As part of my Everyware Computing module, my tutor has included a series of videos to help us get to grips with Android development using Eclipse. Curiously I could watch some of them on my MacBook Pro but not on my iMac.
This was no doubt due to video codecs (or a lack of the required ones on my iMac) and I must have installed the necessary codecs on my MacBook Pro when I did some video editing on it a couple of years ago, but which ones?
After a little research I discovered that you can view your installed Quicktime video codecs, if you go to:
[Hard Drive] -> Library -> Quicktime
Rather obvious once you know where to look… That said, there is still one video that I can’t play on either of my Macs, and while it has been made available as a download (rather than imbedded in a flash website) which I can play, I’m determined to work out why it doesn’t want to play!
Useful codec packages for OS X include:
Perian for Divx.
Flip4Mac for Window Media.
While for video conversion, editing and playback:
Squared 5 – MPEG Streamclip seems to work!
Earlier this year the Open University informed me that some of the modules I was using towards my BSc (Honours) Computing have a time limit which would soon expire! This means that I’d have to complete and pay for even more modules. After giving this some serious thought during the summer, I have decided to stop studying with the OU and instead enrol with the University of the Highlands and Islands, via Moray College.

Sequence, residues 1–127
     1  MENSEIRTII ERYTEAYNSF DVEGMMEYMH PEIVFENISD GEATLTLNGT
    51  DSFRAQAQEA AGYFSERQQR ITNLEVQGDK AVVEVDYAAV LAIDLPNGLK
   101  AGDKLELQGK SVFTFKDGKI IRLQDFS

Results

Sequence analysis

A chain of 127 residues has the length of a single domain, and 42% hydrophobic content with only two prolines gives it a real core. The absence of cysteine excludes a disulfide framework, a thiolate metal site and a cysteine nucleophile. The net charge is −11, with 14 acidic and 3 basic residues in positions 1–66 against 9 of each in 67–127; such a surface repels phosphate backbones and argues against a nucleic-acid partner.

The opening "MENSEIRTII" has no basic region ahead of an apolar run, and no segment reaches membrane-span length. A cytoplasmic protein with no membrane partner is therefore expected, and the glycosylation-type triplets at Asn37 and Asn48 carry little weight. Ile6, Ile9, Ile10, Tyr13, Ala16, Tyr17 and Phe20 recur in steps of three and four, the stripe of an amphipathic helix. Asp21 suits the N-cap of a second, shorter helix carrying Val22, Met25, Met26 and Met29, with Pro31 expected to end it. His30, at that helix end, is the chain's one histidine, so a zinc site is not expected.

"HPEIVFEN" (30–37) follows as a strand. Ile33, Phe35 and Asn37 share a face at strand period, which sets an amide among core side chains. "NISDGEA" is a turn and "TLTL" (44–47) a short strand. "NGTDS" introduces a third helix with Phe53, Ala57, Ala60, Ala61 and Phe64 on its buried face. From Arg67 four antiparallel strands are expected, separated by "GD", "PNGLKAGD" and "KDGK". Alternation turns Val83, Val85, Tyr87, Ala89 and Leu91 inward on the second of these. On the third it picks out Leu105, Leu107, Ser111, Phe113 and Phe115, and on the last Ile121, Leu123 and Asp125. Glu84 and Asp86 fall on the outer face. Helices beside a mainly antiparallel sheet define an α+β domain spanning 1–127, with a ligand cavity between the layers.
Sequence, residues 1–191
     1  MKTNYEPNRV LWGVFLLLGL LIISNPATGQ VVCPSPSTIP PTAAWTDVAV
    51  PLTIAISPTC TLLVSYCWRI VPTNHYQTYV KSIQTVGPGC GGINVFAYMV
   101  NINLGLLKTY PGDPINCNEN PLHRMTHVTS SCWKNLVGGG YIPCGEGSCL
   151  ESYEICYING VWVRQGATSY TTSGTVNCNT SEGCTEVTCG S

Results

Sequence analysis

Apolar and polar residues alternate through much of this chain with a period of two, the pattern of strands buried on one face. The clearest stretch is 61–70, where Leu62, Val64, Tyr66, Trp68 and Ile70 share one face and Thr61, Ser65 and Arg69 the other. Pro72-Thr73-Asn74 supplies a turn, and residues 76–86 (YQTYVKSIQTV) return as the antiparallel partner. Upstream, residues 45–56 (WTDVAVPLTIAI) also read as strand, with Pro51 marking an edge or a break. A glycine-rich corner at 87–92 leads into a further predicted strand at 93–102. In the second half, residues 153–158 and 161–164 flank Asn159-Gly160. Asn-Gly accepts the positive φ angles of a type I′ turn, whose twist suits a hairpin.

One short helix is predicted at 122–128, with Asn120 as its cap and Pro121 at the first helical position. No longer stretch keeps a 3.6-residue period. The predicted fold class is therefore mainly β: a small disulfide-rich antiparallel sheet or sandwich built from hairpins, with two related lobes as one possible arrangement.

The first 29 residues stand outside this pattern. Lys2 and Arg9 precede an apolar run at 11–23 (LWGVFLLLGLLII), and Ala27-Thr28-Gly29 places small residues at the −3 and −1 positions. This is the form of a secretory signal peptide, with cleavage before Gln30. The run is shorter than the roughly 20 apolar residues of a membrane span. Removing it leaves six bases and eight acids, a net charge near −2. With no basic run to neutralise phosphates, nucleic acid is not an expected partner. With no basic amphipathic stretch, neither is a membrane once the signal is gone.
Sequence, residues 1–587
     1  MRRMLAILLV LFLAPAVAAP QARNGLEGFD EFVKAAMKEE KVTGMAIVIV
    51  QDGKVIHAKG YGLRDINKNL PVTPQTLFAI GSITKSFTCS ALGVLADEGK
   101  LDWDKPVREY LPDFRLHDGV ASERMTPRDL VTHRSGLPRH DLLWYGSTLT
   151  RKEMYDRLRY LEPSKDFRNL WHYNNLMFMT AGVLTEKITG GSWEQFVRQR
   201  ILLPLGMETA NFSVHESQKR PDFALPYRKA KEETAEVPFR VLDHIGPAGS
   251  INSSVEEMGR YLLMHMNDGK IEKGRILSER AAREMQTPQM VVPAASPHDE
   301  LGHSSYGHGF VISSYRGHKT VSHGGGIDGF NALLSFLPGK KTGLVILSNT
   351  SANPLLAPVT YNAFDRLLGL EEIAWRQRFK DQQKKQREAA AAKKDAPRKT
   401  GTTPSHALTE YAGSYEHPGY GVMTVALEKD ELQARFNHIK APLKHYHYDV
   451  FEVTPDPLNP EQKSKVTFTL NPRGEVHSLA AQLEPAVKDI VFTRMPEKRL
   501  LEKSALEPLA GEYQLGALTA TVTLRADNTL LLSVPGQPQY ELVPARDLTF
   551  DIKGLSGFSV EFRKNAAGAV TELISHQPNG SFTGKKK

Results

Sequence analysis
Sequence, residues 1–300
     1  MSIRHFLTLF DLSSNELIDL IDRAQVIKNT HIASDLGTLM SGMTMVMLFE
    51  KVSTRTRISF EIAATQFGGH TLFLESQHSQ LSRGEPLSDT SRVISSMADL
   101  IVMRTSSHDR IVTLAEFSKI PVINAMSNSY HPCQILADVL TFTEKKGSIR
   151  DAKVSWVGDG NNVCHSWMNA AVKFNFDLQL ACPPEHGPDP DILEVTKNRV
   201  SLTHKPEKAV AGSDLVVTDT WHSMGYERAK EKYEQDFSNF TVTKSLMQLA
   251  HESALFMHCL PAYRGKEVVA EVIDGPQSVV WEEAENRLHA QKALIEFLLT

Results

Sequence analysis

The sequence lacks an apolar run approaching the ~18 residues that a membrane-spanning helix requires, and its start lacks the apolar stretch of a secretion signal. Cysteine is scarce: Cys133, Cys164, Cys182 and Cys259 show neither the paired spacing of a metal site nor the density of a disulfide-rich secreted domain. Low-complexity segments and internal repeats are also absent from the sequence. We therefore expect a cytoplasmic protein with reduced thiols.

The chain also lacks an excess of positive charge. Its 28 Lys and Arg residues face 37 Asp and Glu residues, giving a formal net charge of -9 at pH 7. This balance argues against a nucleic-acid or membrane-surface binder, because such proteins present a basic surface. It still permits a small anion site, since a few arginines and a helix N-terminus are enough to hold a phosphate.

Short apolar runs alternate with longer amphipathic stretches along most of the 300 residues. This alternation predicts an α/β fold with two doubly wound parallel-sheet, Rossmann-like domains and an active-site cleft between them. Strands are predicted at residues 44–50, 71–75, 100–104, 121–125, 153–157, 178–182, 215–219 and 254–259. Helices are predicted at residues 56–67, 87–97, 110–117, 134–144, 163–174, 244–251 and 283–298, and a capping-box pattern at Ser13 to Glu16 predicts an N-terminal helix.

I will be completing my BSc Computing, over the next two years by attending Moray College on a day release basis. That said the lectures are delivered via video conferencing, which is a new experience for me. My modules this semester are Everywhere Computing, which involves a fair amount of Android development and Web Science, a multidisciplinary research module studying the Web and the issues and challenges it presents.
All in all two rather different modules, which I suspect will challenge me in completely different ways during the next three months…